Bodleian finishes book move


The Bodleian Library finished its large-scale book relocation programme over the Christmas vacation, with the seven millionth book being shelved at its new Swindon facility.

The project has created space on Broad Street for a refurbished library that will showcase some of its finest collections.

With a building cost of £26 million and with 153 miles of shelving, the warehouse in Swindon now houses more than half of the Bod’s 11 million items.

The collection of items comprises low-usage items, but being situated only 28 miles from Oxford and with the promise of same-day delivery of any of its items if ordered before 10am, items housed there will remain easily accessible to students.

Bod Librarian Sarah Thomas explained the extent of the success, saying: “This has been an important year in the history of the Bodleian, and it has been an extraordinary success.

“We have tagged and moved all our books, relocated our staff, prepared the New Bodleian building for its redevelopment, opened new facilities for readers in the heart of Oxford and refreshed and developed our IT capabilities […] thanks to a superb team of dedicated staff we have accomplished [this] all simultaneously without any major interruption to our day-to-day services to readers either in the university or further afield.”

“Readers can look forward to significant enhancements to our services in 2012 and beyond.”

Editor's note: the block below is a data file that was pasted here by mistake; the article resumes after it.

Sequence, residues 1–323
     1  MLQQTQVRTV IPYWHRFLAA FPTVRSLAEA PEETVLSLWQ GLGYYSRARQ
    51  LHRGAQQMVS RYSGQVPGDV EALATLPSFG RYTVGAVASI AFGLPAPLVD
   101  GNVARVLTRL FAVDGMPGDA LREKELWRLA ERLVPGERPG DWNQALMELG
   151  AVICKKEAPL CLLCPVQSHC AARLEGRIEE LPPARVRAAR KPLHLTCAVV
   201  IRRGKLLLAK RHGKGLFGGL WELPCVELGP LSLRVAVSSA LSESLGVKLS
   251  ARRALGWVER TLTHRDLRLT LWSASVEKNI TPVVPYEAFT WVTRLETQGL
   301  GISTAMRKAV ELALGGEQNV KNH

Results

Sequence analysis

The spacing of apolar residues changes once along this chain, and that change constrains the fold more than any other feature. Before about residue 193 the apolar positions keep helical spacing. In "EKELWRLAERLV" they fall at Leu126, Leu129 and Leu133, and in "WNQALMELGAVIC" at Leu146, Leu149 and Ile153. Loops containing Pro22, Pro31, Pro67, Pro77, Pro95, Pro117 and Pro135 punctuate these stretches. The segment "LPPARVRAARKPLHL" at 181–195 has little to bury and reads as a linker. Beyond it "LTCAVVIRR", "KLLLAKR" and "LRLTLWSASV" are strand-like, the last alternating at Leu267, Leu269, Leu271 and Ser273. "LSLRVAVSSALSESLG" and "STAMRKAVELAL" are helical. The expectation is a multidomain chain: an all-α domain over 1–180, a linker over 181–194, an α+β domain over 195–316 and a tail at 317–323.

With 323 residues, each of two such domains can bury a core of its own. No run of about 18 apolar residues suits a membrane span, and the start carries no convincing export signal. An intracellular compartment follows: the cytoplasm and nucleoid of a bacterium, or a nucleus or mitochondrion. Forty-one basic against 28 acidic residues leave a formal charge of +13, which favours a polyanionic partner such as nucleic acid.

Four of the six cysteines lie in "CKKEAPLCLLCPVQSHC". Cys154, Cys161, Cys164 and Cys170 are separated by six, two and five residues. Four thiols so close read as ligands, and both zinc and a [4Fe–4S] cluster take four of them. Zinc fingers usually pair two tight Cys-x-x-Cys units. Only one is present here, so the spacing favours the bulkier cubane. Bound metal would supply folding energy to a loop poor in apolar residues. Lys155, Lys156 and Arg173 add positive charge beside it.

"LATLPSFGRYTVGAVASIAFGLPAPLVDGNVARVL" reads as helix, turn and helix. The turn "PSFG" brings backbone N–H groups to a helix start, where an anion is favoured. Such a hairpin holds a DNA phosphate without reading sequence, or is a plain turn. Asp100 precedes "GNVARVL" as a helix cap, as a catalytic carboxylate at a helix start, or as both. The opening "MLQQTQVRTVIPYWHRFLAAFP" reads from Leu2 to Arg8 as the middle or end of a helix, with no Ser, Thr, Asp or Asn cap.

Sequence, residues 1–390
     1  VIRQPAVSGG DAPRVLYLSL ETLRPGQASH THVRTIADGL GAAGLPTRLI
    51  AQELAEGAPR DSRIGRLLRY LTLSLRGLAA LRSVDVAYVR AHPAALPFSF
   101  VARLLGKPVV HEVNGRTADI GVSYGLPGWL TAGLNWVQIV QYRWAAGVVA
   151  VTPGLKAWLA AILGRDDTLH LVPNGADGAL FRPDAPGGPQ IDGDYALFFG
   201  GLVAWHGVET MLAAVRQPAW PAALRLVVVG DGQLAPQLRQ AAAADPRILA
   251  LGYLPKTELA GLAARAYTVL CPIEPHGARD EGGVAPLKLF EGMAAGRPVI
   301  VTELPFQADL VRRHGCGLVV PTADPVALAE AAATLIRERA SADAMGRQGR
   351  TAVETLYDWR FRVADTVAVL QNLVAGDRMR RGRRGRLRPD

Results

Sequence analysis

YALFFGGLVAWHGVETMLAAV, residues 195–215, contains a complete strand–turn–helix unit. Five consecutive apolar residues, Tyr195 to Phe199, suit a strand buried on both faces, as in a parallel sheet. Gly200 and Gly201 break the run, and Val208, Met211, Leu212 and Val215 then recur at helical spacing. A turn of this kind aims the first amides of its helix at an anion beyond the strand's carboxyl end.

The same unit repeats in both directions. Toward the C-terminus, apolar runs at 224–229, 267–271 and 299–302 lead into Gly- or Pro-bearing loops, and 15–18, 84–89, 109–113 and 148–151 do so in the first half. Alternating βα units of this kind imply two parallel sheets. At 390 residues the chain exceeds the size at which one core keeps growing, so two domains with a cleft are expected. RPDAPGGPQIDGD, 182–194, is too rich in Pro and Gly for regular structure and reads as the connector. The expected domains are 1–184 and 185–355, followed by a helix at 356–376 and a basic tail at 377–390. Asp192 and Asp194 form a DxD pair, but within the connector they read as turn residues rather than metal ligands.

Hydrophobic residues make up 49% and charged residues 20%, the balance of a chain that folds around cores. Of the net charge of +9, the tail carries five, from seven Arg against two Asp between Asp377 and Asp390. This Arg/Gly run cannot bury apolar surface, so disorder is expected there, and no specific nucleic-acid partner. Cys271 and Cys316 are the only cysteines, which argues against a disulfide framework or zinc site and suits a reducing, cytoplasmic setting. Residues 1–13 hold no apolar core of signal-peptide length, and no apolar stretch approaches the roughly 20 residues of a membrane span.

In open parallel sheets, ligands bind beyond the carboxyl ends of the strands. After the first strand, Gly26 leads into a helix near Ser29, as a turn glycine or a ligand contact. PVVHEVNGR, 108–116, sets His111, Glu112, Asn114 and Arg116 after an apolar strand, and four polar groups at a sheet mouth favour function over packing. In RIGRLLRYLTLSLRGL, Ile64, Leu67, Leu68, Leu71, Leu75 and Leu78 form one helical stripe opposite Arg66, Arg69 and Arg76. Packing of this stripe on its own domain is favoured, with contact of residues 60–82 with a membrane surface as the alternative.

The move follows the closing of the New Bodleian on Broad Street in September 2010, which will now be fully refurbished according to plans which will see it re-open as the Weston Library in 2015.

The idea behind the plans stems from a need for extra space in addition to an effort to make certain items more accessible.

The Bod’s Special Collections, which include the works of Oscar Wilde and John Locke amongst others, will be displayed in the Weston Library upon its completion. In addition to exhibition rooms for the Special Collections, the refurbished building will be home to a café, and will be given a new glass front on Broad Street.

A second-year English student said: “I’ve always thought it was a bit of a tragedy that all those sexy old books the Bod has aren’t on display somewhere. Plus it can actually be pretty helpful academically especially for some of the older texts to see the original.”


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